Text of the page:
All The Luck in the World are three young Irish songwriters from County Wicklow who gained a degree of attention when a home recorded song of theirs titled ‘Never’ gained a large following on YouTube back in 2012, and subsequently got picked up by the travel comparison website, Trivago – further enhancing their exposure.
Since the release of their debut in late 2013, the trio have been hard at work from their base in Berlin on their follow up album, ‘A Blind Arcade’, another alternative folk outing. This latest release certainly sounds like a more adventurous progression from their debut, with the use of strings, brass and some self-created sampling instruments. It all culminates in a dense atmospheric soundscape, with excellent production, the layering of instruments proving perfect for listening on headphones.
Particularly successful on the record is the opening song ‘Landmarks’,with its wistful air of melancholia – “I set signal fires for us” – the residual memories of a lost long affair having to prove sufficient to get the song’s protagonist “through the night”, the arrangement with its brass and string arrangements proving particularly effective.
‘Contrails’, meanwhile, has an underlying repeated guitar figure running throughout the song, which leaves a temporary impression not unlike its subject matter, while ‘Golden October’, the first single from the album – a bittersweet song about the need to accept the shortcomings of a past romance and move on positively – is a properly immersive ballad with a series of lovely, guitar plucked melodies.
At times you feel the sophistication of the songs’ sounds are somewhat undermined by the more limited range of their softly sung vocal delivery. And as the material doesn’t follow a standard verse and chorus pop structure you won’t be singing along in the aftermath of these songs – and this is something which is also likely to make the band’s entry into the mainstream something of a challenge.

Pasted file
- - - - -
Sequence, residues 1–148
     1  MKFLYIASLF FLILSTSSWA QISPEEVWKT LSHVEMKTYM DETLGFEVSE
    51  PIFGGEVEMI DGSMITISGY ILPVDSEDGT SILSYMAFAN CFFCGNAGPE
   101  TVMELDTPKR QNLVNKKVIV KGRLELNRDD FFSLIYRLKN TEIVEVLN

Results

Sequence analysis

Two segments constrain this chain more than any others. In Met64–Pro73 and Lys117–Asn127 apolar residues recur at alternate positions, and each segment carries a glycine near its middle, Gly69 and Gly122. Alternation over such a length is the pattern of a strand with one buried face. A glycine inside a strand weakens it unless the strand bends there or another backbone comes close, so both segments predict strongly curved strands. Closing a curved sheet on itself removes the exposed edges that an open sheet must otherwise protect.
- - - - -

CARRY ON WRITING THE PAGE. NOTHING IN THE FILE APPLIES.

Saving the best till last, ‘Abhainn’, the Scottish name for the word river – “I heard the current say, there are things that you can’t wash away”, builds to a gradual climax, with a nice interplay between guitar and a delicate violin solo, before it reaches a rousing crescendo
The songs’ lyrics are all something of a piece – being a journey of self-discovery and maturity e.g. “the less we know the more we seek”, “we have to grow – and grow apart” – and are of sixth form standard in their banality. However, while the album is something of a slow burn, the accreted layers of sound gradually get under the skin, making for a moody and impressionistic piece – and one which makes the prospect of future releases, and the development of All the Luck in the World, a prospect that’s definitely worth sticking around for.